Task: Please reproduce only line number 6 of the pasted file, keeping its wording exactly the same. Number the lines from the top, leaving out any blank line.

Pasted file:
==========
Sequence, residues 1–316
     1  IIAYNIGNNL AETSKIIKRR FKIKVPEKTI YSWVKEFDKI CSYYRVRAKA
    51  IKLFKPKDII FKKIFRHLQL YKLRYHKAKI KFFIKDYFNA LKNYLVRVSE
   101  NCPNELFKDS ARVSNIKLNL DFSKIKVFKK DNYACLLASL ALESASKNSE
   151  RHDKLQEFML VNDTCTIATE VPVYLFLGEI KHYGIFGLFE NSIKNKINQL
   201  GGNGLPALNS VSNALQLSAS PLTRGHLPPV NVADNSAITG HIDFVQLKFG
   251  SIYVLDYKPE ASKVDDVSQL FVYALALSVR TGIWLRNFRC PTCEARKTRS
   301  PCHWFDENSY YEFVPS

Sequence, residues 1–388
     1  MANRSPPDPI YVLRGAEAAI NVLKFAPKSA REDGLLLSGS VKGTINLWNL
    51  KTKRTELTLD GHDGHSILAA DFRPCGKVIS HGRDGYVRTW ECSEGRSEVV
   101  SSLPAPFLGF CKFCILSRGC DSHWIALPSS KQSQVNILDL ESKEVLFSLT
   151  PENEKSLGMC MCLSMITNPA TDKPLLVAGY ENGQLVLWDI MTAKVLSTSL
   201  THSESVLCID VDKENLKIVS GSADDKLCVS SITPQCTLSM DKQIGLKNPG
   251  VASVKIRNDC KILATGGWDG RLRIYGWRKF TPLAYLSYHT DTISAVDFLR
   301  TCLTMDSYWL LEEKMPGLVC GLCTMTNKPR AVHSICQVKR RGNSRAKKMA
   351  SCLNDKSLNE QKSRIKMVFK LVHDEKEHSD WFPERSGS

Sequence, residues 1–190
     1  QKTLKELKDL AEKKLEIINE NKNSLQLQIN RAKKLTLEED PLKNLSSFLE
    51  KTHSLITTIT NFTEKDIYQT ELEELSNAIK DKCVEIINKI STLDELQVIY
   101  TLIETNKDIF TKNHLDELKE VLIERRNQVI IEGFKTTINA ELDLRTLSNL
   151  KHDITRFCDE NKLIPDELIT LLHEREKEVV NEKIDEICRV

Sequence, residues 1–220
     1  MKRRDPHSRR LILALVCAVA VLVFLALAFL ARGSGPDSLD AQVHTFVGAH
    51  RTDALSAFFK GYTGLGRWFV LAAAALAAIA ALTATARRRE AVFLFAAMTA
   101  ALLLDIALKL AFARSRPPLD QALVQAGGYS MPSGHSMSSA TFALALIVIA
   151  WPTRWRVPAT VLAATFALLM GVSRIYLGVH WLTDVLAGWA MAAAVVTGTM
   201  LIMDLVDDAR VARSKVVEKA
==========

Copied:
   201  GGNGLPALNS VSNALQLSAS PLTRGHLPPV NVADNSAITG HIDFVQLKFG